The Indian matrimonial scene is replete with examples of biases against women; whether it is the colour of their skin, their height or their dress size, women are often judged on parameters that are beyond their control. Through its #StopTheBeautyTest campaign, Dove is trying to fight this unjust societal pressure laid on women by bringing forth stories of real women who have gone through the rigmarole of matrimony and were left emotionally exhausted in the procedure.
Taking the conversation further, we had a tête-à-tête with one of our favourite women with a strong voice in the beauty industry — Prableen Kaur Bhomrah. The acne and PCOS positive influencer has been quite vocal about her struggles with her skin issues and how others have perceived her over the years. And now she is speaking up about her own experience of being judged in the matrimonial space. Here’s what she has to say...
- About facing prejudice while growing up
- About getting fit for herself, and not for marriage prospects
- About facing friction from the beauty industry
- About her idea of self-love helping her deal with marriage bullies now
- About beauty brands like Dove reinforcing an inclusive idea of beauty
About facing prejudice while growing up
“I have been overweight since childhood. No matter what I did, I could never match all the other girls who were very slim compared to me, even though I was very active. I was the head of the dance department, loved sports, headed the hockey and football teams for four years straight, but could never lose weight. I didn't even know the reason for my weight gain back then.”
As an overweight kid, Prableen revealed that she was subjected to unsolicited advice and comments from people. “At every family get-together, I had people telling me ‘Patli ho ja warna ladka nahi milega’ (lose weight or else you won’t find a guy to marry you).” Prableen revealed that the constant nagging triggered her to such an extent that she started overeating.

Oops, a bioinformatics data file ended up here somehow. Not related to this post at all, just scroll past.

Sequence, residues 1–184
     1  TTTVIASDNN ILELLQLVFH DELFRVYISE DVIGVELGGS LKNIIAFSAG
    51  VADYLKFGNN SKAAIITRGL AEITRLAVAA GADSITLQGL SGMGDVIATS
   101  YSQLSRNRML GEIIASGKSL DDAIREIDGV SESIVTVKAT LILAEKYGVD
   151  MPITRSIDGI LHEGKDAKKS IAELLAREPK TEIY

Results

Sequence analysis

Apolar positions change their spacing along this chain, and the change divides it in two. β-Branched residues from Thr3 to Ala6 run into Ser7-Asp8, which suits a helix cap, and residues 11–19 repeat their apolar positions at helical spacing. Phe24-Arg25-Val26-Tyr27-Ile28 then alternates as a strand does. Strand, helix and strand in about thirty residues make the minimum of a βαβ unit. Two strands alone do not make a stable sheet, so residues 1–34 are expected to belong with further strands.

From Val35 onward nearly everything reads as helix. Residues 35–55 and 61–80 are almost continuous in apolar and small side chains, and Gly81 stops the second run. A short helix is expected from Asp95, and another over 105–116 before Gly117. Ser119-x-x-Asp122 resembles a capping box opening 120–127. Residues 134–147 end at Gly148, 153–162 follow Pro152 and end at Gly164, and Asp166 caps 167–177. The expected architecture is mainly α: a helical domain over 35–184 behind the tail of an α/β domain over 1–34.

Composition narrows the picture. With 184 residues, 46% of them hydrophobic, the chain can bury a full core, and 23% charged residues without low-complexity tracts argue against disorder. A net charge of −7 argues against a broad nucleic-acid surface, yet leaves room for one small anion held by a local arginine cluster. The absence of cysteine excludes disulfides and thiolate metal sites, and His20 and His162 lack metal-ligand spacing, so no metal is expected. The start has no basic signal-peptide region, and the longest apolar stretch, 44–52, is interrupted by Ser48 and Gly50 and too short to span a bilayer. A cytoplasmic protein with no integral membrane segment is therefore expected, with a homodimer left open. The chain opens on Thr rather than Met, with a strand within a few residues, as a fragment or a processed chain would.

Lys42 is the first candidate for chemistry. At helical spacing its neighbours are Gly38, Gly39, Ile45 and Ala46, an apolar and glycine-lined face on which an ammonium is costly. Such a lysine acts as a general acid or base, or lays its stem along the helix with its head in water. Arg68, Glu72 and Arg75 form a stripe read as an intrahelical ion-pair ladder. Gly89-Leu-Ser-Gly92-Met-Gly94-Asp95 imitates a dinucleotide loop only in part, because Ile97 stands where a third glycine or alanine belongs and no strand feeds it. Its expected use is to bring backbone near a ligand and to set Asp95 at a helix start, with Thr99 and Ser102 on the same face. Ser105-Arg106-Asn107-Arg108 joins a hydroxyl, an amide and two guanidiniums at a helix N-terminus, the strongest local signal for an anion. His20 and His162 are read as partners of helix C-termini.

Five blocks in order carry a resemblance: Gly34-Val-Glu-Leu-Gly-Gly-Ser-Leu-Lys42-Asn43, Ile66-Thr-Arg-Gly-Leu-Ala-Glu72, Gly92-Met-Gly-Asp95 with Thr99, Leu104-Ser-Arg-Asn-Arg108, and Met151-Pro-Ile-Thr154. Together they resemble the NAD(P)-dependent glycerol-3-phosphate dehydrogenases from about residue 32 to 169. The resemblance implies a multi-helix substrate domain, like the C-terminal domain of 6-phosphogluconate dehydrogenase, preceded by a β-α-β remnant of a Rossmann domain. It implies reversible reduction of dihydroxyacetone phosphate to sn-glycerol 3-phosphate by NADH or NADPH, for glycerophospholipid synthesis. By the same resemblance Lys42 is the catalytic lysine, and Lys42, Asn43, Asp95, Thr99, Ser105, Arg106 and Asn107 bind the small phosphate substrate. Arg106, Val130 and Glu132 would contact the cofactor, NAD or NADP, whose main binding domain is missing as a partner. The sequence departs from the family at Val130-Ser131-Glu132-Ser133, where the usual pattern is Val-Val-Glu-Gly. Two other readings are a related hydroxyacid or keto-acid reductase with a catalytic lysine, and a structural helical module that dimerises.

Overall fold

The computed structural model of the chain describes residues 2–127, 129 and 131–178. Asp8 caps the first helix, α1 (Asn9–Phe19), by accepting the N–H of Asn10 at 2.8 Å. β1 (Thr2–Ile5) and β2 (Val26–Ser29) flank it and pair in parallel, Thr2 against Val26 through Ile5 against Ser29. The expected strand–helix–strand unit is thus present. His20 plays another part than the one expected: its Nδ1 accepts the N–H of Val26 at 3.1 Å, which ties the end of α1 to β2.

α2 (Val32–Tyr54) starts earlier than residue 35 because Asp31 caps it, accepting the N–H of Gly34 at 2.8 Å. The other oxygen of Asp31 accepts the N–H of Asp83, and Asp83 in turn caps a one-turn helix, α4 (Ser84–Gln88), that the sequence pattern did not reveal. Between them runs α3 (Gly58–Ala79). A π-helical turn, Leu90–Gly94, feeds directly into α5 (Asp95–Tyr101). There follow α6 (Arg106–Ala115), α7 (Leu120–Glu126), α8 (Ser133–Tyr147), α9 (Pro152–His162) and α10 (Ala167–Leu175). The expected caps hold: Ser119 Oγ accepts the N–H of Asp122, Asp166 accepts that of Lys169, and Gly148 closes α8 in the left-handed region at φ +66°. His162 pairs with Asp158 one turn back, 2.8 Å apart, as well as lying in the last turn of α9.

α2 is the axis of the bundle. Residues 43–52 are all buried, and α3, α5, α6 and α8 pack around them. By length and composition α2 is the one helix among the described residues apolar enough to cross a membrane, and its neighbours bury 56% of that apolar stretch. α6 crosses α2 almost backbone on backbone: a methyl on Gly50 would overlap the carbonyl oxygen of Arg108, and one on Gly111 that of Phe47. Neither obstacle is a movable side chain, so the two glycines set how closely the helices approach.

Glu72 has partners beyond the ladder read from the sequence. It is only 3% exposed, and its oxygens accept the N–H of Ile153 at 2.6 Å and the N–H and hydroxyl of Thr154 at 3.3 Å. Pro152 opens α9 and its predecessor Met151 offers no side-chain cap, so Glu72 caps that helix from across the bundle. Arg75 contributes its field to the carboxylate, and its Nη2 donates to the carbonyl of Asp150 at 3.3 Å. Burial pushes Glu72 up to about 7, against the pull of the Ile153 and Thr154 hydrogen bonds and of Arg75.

About getting fit for herself, and not for marriage prospects
Prableen revealed that her reason for shifting to a healthier lifestyle was for herself and not to attract marriage prospects. “For the longest time, I couldn’t lose much weight, and it came to a point where I started to have physical discomfort like back pain and other issues. That was the reason why I wanted to be fit, and not because I wanted to give in to the unjust notion that only slim girls are pretty and ‘marriage material’. I wanted to break that idea. As long as I am fit, I don't mind being chubby.”
About facing friction from the beauty industry
Prableen’s approach towards self-love is a lesson and something she learnt after many setbacks. She recounted a particular incident that shaped her current stance on beauty. “Since I am a beauty blogger, I have to attend a lot of events. A year and a half ago, when I was just starting out, I went to a beauty event that was attended by other bloggers as well. At the time, my acne breakouts were at their worst. My face was filled with blemishes, and I had applied minimal makeup to avoid triggering the acne further. But at the event, I was shocked as to how I was treated. Before even saying ‘Hi’, I got comments like ‘Look at your face, you have so much acne!’
They went on to say things like ‘But in videos, you look so different’ and ‘You shouldn’t use makeup’ and ended up giving me lots of unsolicited advice. I am a skincare beauty influencer; I know how to deal with my skin issues. Makeup doesn't ruin your face as long as you are doing good skincare prep. I know how my skin reacts to things. That incident is such a trigger for me because I remember when they said that, I was so upset that I started crying at the event.”